When it comes to motorcycles, motorbikes and motorized scooters, a good shock absorber seal at the front wheel is crucial for safety and comfort. The less friction caused by the seal, the more the bike’s full road contact is assured. This applies even to riding on irregular or stony terrain. Freudenberg Sealing Technologies uses a high-tech elastomer that it developed in-house for its low-friction seals. Not only does it withstand tremendously high stresses – it is long-lasting, weatherproof and resistant to ozone. The seal’s low-friction design can be adapted to customer specifications and has already proven itself millions of times over in the Indian two-wheeler market.
Diameters up to 54 millimeters
Mileage up to 50,000 kilometers (31,000 miles)
Greater Wealth Builds Hope for the Auto Industry
The region’s economic upswing will likely lead to greater prosperity and a growing middle-class. That’s why a study by the Japanese consultancy, Abeam Consulting, Ltd., assumes that various Southeast Asian countries will move away from two-wheelers to automobiles. In the authors’ view, this already applies to Thailand, as the gap between the number of motorized two-wheelers and cars continues to close. Indonesia and Vietnam will follow suit, the study says. The prospects for automobiles will improve as prices become more affordable, and the local auto industry grows.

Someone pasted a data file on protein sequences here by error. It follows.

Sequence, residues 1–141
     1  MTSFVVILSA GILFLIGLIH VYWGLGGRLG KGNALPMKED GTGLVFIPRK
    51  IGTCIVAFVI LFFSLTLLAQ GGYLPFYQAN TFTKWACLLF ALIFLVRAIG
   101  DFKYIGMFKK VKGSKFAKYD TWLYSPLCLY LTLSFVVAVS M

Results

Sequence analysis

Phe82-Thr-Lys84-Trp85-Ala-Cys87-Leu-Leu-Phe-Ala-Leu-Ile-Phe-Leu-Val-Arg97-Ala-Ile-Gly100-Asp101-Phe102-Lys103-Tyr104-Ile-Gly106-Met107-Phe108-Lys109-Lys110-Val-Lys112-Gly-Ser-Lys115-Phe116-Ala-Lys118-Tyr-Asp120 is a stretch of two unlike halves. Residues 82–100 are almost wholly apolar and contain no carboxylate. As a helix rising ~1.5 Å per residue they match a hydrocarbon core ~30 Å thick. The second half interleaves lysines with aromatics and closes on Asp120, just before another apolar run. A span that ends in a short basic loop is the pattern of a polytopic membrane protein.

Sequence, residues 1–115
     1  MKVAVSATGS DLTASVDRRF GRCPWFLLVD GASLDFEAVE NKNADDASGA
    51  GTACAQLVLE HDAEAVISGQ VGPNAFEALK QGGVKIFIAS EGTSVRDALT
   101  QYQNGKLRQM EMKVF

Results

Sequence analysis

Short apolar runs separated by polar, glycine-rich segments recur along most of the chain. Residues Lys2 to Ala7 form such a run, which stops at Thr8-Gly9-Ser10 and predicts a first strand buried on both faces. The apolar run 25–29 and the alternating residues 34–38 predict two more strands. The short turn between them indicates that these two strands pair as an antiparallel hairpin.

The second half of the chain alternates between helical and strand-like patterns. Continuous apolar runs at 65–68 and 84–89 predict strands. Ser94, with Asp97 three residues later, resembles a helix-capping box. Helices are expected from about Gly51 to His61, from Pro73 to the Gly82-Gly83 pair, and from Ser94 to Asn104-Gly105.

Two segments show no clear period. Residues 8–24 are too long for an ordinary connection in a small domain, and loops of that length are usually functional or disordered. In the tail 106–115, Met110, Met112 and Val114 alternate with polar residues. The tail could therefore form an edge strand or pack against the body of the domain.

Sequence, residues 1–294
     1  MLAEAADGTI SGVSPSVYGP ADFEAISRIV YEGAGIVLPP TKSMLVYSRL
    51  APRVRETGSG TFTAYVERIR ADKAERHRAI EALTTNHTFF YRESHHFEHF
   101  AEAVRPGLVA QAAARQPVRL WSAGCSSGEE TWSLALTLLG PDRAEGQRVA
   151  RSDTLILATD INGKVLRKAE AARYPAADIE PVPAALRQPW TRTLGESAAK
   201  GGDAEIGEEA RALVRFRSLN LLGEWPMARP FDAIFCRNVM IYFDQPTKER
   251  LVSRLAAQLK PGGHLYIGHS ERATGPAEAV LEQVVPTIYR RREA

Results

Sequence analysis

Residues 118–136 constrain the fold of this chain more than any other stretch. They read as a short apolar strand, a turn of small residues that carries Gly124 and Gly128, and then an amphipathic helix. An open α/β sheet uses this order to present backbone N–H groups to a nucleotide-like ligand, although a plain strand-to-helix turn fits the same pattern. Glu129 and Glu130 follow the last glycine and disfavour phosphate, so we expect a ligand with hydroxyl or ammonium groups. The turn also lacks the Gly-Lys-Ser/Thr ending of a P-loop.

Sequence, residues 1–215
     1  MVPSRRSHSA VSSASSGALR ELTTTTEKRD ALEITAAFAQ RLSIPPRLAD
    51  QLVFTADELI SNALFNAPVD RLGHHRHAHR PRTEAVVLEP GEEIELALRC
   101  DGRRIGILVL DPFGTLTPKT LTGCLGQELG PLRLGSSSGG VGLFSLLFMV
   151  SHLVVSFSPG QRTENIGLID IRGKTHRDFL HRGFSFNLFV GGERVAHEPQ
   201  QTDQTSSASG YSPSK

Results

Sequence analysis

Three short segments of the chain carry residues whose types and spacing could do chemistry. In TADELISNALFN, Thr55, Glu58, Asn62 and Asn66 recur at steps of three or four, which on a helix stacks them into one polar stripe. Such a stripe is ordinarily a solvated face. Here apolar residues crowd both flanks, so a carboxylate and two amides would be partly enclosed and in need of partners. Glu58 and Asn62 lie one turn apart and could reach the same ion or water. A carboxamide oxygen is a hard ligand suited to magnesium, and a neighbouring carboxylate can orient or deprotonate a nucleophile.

But it should not be assumed that motorcycles, motorbikes and motor scooters, in particular, will become less important to the region. Various experts say electrification is on its way and will take hold in two-wheelers first, and automobiles will follow. The smaller vehicles are still practical in city traffic, and their prices and maintenance costs are lower than those for cars. Based on modeling in 2022, the consulting firm, McKinsey, came to the conclusion that about 36 percent of all motorized two-wheelers in Southeast Asia could be electrified by 2030. It is an optimistic outlook, even if two popular taxi and delivery services, Grab and Gojek, have announced their plans to electrify their fleets over the next few years. They are made up of motor scooters to a great extent.
A Key Factor: Battery Exchanges
Batteries are an important factor for the wide-ranging success of motorized two-wheelers. In 2021, several international vehicle manufacturers came together in a consortium to develop a standardized battery exchange system. As soon as a battery runs low on energy, it would be swapped manually and relatively easily for another. Honda recently introduced its electric scooter EM1 e. The model already has an exchange battery and should be available in Japan before year’s end, although it is explicitly aimed at the Indonesian market. Indonesian President Widodo seems to be ready for the next generation of vehicles. At the Indonesia International Motor Show 2023, he was one of the first visitors to climb onto an EM1 e. Like other well-known manufacturers, Honda has announced that it will soon bring out high-performance electric motorcycles. That means Widodo’s stand-in could soon be filmed cruising Jakarta’s streets and alleyways on an electric motorcycle.